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Mahabharata of Krishna-Dwaipayana Vyasa
translated by Kisari Mohan Ganguli

Mahabharata of Vyasa (Badarayana, krishna-dwaipayana) translated by Kisari Mohan Ganguli is perhaps the most complete translation available in public domain. Mahabharata is the most popular scripture of Hindus and Mahabharata is considered as the fifth veda. We hope this translation is helping you.

Section CVIII

"Lomasa said, 'That same king, of a powerful bow, standing at the head of the surrounding, (i.e., the occupant of an imperial throne) of a powerful car, (i.e., possessing every great fighting power) became the delight of the eyes and the soul of all the world. And he of the powerful arm came to learn how his forefathers had met an awful end from Kapila of mighty soul, and how they had been unable to attain the region of gods. And he with a sorrowful heart made over his kingly duties to his minister, and, O lord of men! for practising austerities, went to the side of the snowy Mountain (the Himalayas). And, O most praiseworthy of men, desirous of extinguishing his sins by leading an austere life, and (thereby) obtaining the favour of the (goddess) Ganga, he visited that foremost of mountains--Himalaya. And he beheld it adorned with peaks of diverse forms full of mineral earth; besprinkled on all sides with drops from clouds which were resting themselves upon the breeze; beautiful with rivers and groves and rocky spurs, looking like (so many) palaces (in a city); attended upon by lions and tigers that had concealed themselves in its caves and pits; and also inhabited by birds of checkered forms, which were uttering diverse sounds, such as the Bhringarajas, and ganders, and Datyuhas, and water-cocks, and peacocks and birds with a hundred feathers, and Jivanjivakas, and black birds, and Chakoras of eyes furnished with black corners, and the birds that love their young. And he saw the mountain abounding in lotus plants growing in delightful reservoirs of water. And the cranes rendered it charming with their sounds; and the Kinnaras and the celestial nymphs were seated on its stony slabs. And the elephants occupying the cardinal points had everywhere robbed its trees with the end of their tusks; and the demi-gods of the Vidyadhara class frequented the hill. And it was full of various gems, and was also infested by snakes bearing terrible poison and of glowing tongues. And the mountain at places looked like (massive) gold, and elsewhere it resembled a silvery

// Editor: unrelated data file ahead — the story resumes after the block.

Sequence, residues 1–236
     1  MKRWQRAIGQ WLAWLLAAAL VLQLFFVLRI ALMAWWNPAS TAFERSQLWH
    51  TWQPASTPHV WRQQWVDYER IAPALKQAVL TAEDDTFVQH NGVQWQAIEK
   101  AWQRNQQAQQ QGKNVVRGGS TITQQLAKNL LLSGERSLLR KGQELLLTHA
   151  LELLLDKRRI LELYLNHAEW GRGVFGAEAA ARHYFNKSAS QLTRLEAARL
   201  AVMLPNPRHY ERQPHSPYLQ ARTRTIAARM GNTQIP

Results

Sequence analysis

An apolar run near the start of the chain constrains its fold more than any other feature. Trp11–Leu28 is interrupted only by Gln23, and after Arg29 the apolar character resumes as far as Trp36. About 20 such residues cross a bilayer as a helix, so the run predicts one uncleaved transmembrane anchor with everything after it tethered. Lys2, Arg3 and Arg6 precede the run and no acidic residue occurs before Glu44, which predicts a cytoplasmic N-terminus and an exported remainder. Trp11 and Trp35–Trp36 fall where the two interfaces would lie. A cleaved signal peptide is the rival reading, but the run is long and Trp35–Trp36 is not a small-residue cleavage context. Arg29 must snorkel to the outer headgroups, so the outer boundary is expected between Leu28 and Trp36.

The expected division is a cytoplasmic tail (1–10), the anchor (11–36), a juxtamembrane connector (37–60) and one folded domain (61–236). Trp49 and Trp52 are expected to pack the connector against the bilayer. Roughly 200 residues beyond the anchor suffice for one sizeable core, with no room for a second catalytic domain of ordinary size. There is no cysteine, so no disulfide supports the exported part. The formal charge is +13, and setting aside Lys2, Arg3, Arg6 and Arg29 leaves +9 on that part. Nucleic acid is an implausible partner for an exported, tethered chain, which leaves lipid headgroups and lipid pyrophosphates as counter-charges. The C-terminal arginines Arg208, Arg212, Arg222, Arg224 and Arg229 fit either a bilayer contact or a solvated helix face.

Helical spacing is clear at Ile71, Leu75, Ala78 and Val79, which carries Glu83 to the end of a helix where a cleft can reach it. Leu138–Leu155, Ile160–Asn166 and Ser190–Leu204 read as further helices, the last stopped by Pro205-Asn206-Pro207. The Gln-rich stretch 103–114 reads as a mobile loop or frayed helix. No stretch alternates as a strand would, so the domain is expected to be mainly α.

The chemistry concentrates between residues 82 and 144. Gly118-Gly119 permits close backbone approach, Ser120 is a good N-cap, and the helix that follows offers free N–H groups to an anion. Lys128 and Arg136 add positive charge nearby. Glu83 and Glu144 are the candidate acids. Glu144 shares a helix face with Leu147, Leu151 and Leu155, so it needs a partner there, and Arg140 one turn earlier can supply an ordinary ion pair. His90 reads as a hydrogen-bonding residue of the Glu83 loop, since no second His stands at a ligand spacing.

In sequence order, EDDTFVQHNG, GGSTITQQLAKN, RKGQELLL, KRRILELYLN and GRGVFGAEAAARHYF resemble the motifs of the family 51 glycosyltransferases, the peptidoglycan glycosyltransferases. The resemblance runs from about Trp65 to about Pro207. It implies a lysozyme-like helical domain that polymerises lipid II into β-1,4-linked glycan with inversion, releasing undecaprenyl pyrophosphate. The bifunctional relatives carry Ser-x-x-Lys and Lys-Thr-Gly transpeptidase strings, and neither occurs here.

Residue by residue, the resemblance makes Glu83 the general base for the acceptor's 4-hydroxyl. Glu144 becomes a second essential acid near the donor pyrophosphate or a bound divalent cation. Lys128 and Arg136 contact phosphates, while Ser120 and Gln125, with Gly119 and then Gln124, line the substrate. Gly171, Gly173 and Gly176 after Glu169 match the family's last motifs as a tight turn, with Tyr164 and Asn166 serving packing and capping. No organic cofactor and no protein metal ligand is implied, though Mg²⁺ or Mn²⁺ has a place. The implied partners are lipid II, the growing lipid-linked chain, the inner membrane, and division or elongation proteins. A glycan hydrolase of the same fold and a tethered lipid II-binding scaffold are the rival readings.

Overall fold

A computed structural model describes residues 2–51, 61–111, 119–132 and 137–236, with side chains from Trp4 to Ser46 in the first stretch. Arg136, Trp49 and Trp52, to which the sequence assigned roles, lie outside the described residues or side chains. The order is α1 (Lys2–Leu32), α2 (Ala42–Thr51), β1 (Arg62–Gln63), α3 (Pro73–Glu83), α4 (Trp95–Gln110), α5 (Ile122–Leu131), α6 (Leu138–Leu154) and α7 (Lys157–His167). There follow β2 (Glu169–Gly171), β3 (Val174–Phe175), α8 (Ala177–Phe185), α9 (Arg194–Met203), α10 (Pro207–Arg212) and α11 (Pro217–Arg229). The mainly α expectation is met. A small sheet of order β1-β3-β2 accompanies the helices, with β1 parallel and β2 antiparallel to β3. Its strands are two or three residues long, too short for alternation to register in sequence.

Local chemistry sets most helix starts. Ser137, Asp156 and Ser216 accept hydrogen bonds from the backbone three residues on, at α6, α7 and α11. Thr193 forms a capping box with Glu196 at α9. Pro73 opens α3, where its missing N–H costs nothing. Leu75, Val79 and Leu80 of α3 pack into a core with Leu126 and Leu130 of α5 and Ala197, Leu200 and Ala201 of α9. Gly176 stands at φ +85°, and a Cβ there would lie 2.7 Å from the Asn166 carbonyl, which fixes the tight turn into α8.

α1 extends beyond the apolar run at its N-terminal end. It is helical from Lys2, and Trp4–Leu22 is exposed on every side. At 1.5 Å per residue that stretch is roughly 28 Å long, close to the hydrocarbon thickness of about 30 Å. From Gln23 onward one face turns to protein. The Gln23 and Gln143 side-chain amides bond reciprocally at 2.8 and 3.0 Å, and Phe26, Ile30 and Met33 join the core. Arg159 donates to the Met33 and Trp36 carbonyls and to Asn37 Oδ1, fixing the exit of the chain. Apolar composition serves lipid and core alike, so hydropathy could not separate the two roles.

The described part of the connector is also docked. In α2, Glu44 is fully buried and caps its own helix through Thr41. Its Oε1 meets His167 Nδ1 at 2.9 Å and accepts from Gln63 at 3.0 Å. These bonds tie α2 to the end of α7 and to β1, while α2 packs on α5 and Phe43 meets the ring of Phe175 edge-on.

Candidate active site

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[paragraph continues] (pile), and at some places it was like a (sable) heap of collyrium. Such was the snowy hill where the king now found himself. And that most praiseworthy of men at that spot betook himself to an awful austere course of life. And for one thousand years his subsistence was nothing but water, fruit and roots. When, however, a thousand years according to the calculation of gods had elapsed, then the great river Ganga having assumed a material form, manifested to him her (divine) self.'

"Ganga said. 'O great king! what dost thou desire of me? And what must I bestow on thee? Tell me the same, O most praiseworthy of men! I shall do as thou mayst ask me.' Thus addressed, the king then made his reply to Ganga, the daughter of the snowy Hill, saying, 'O grantress of boons! O great river! my father's fathers, while searching for the horse, were sent by Kapila to the abode of the god of death. And those same sixty thousand sons of Sagara of mighty soul, having met with the majestic Kapila, perished, (to a soul) in an instant of time. Having thus perished, there hath been no place for them in the region of heaven. O great river! So long as thou dost not besprinkle those same bodies with thy water, there is no salvation for these same Sagara's sons. O blessed goddess! carry thou my forefathers, Sagara's sons, to the region of heaven. O great river! on their account am I beseeching thee forsooth."

"Lomasa said, 'Ganga, the goddess saluted by the world, having heard these words of the king, was well pleased, and spake to Bhagiratha the following words: 'O great king! I am prepared to do what thou dost ask me; there is no doubt therein. But when I shall descend from the sky to the earth, the force of my fall will be difficult to sustain. O protector of men! In the three worlds there exists none who is able to sustain the same, excepting Siva, the most praiseworthy of gods, the great Lord with the throat of sable blue. O (prince) of a powerful arm! Obtain the favour, by practising austerities, of that same Siva-giver of boons. That same god will sustain my descent upon his head. Thy desire he will fulfill, the desire, namely, to be of service to thy fathers, O king!' Then the great king Bhagiratha having heard the same, went to the Kailasa hill, and betaking himself to a severe course of penances, at the expiration of a certain length of time obtained the favour of that worker of blessings (Siva). And, O protector of men! that same best of men, in order that his forefathers might have a place in heaven secured to them, received from that very Siva the fulfilment of his wish, namely the wish that the descending Ganga might be sustained.'"





 
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